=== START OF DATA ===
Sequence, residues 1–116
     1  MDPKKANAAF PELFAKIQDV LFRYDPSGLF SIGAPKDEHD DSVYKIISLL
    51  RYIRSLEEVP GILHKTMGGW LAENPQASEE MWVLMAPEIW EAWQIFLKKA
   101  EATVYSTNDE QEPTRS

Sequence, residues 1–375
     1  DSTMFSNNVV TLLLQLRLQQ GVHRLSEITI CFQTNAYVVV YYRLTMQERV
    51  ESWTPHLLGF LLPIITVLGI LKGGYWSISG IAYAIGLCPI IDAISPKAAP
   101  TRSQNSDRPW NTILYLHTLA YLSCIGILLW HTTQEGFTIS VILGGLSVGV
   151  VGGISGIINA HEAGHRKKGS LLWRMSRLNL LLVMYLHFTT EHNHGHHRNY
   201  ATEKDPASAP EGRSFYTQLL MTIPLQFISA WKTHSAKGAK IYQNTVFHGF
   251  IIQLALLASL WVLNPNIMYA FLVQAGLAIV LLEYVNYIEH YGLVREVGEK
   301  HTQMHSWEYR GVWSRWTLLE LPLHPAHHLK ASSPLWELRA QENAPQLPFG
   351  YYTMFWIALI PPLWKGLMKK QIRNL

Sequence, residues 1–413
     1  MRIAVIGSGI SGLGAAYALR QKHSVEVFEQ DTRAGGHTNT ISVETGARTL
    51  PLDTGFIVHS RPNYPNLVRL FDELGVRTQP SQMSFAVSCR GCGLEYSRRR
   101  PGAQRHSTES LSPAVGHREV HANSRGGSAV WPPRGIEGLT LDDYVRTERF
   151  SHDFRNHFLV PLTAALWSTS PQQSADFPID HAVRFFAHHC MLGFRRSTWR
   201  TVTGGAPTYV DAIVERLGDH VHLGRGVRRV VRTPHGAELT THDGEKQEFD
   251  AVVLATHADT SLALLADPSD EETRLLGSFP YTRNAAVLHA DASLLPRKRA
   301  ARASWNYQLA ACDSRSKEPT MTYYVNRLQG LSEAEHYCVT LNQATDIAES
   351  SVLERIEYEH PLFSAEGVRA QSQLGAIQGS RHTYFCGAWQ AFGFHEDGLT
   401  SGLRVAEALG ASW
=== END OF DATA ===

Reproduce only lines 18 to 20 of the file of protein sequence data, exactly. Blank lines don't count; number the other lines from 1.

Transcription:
   151  SHDFRNHFLV PLTAALWSTS PQQSADFPID HAVRFFAHHC MLGFRRSTWR
   201  TVTGGAPTYV DAIVERLGDH VHLGRGVRRV VRTPHGAELT THDGEKQEFD
   251  AVVLATHADT SLALLADPSD EETRLLGSFP YTRNAAVLHA DASLLPRKRA